What Canadian Artists Need to Know About Taxes: An Interview with Artbooks


Taxes can be daunting for anyone and when you’re an artist or creative professional, things can seem even more complicated and confusing.

Artbooks logoI asked the team at Artbooks to give us their expertise as tax specialists that specifically work with artists and creative professionals. Artbooks was “launched over 20 years ago as Canada’s first organization dedicated to financial management in the arts.”

Check out the great information and advice they give us below regarding what Canadian artists and creative professionals need to know about taxes.

Why do you offer tax services specifically for artists? 

All the people working in our office have arts backgrounds and we have 25 years of experience and expertise to draw upon in preparing artists’ tax returns. Most accounting firms and generic tax preparation companies have little or no experience in working with artists. Artbooks understands and respects the work that artists do.

We work with a wide variety of arts professionals in just about every area of the arts – from circus performers to broadcasters to theatre shoemakers as well as a number of people who are simply self-employed and appreciate the personal touch we provide.

How are taxes different for creative professionals?

An artist’s tax situation can be unique in a number of ways. They may have government grants to declare, in-kind donations to deal with, claimable expenses other professionals can’t claim, or personal circumstances that complicate their tax situation. We meet with our clients to get to know them and often find information they may not have thought had tax implications.

What are common tax mistakes you see creative professionals make?

Artists are considered self-employed by Canada Revenue Agency. Because artists are usually very passionate about their practices, it is often tricky for them to distinguish where their business ends and their personal life beings. Artists err on both sides, so it’s beneficial to keep track of all expenses over the year, which allows us to help in deciding whether or not an expense could be claimed against income.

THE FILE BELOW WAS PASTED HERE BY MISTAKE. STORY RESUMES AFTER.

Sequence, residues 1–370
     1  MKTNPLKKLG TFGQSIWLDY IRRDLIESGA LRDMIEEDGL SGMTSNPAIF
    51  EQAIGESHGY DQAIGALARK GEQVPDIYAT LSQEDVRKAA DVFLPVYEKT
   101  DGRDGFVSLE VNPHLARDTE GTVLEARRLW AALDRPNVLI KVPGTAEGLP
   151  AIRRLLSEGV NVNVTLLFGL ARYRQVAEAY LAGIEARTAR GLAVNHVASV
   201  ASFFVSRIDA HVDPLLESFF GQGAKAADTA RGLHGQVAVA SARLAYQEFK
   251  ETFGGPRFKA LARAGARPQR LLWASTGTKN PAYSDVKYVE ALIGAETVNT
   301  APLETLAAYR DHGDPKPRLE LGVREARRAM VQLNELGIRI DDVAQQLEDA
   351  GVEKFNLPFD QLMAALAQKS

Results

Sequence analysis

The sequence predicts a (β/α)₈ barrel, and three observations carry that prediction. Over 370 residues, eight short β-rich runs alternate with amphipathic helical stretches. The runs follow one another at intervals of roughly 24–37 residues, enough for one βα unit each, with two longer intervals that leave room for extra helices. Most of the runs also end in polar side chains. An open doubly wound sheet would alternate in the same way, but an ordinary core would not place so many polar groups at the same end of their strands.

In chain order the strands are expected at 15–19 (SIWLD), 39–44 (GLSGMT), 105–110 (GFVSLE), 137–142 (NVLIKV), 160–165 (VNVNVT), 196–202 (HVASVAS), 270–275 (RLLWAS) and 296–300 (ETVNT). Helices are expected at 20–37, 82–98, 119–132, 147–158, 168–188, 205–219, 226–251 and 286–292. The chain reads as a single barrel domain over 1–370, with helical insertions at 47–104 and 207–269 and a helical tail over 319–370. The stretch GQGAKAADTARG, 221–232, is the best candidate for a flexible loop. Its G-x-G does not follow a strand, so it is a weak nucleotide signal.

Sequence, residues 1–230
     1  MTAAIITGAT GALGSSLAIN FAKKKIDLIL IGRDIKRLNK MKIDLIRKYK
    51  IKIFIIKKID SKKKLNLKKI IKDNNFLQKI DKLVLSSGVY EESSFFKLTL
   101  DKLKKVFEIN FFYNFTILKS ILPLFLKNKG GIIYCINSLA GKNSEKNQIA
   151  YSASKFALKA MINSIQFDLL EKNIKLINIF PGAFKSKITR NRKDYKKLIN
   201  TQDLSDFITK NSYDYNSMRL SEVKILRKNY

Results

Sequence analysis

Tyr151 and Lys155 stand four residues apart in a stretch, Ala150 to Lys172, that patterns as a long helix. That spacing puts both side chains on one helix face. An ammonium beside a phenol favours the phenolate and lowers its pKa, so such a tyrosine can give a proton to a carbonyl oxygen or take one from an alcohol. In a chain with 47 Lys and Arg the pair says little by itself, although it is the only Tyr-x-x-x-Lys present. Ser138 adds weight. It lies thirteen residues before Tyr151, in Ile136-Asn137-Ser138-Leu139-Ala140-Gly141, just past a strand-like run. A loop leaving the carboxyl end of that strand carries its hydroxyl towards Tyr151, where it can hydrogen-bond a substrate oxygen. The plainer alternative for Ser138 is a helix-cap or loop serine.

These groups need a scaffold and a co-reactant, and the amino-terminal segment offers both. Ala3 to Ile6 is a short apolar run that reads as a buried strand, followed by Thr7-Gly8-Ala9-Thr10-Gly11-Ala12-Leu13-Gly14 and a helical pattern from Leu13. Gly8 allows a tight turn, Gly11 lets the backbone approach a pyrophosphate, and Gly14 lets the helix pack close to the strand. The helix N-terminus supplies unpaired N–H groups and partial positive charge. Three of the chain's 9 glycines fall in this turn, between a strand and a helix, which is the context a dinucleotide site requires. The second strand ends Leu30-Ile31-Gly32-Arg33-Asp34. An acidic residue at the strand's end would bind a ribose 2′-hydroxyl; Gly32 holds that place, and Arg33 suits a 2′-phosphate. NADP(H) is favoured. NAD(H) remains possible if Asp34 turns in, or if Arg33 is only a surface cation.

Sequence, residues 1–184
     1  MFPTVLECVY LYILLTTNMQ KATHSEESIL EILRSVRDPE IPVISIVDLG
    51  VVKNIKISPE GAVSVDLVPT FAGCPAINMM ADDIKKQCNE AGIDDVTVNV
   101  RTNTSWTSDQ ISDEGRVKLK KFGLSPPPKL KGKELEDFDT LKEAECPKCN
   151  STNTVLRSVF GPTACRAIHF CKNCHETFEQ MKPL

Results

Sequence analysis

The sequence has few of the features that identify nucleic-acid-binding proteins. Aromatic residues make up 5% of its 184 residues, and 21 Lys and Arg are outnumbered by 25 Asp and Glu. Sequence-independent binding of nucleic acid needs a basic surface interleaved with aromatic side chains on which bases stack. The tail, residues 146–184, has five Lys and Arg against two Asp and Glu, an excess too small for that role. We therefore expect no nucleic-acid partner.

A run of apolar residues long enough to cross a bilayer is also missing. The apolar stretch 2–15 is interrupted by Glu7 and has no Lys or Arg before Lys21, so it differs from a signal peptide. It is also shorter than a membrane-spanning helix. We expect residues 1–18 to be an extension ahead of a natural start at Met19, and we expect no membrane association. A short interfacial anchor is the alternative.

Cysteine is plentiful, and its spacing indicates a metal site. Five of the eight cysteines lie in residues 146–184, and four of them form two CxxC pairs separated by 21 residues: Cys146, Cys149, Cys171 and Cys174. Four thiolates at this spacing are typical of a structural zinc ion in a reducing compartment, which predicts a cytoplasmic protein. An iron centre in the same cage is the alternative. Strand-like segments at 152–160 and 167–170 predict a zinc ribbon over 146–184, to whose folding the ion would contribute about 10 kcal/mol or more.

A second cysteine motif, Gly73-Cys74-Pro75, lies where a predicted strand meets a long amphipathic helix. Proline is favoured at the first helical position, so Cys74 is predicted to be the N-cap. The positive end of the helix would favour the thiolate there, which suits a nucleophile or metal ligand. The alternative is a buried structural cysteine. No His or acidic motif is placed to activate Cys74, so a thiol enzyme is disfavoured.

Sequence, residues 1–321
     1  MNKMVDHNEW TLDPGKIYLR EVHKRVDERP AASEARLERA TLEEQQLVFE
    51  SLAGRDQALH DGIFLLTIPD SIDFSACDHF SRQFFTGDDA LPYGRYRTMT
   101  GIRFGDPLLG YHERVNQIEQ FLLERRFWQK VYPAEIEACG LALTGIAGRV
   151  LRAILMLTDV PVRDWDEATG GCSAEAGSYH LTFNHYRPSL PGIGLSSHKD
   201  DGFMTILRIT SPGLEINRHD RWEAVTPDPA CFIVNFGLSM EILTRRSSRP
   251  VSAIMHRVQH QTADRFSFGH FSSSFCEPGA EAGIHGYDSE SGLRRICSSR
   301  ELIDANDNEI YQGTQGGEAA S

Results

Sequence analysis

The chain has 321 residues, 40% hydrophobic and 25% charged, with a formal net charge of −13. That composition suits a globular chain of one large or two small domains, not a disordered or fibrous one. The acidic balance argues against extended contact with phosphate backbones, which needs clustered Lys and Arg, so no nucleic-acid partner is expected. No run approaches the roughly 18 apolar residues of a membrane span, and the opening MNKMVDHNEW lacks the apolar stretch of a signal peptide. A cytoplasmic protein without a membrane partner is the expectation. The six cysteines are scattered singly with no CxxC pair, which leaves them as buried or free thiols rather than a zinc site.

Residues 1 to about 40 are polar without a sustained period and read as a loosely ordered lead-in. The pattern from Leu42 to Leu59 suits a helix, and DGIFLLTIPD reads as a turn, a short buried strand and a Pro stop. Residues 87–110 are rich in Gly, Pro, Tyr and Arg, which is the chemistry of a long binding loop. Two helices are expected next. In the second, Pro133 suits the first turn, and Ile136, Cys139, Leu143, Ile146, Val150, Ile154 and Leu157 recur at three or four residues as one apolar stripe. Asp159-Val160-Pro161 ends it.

In short, keep all your receipts and decide later if this is or isn’t a business expense.

What ways can creative professionals be more proactive with their taxes and/or handle their taxes better?

There are 2 ways you can be more proactive. The first is to keep an accurate record of your income and expenses. The second is to gather information on how to improve your situation. RSPs, donations and political contributions are tax deductible for everyone, but only an artist can use a new CD, a solo exhibition, or a Canadian tour as a means of reducing the tax they owe.

Is there anything new with taxes this year that creative professionals should know about?

Artbooks

The current federal government has little interest in the arts as seen from an artist’s perspective. The new legislation that’s been passed may have an indirect impact on their income, but not on their tax return.

There have been some developments in the way the Canada Revenue Agency interprets grant income that may complicate an artist’s return. We’re currently conducting research and working towards political change on this issue.

As in previous years, we are very concerned to make sure that artists are recognized as professionals, particularly since the CRA continues to make the hobbyism issue a priority.

Artbooks is “the cosy tax office for artists and entrepreneurs” located in downtown Toronto. You can find them online at artbooks.to.

* Originally published on Canada Arts Connect Magazine.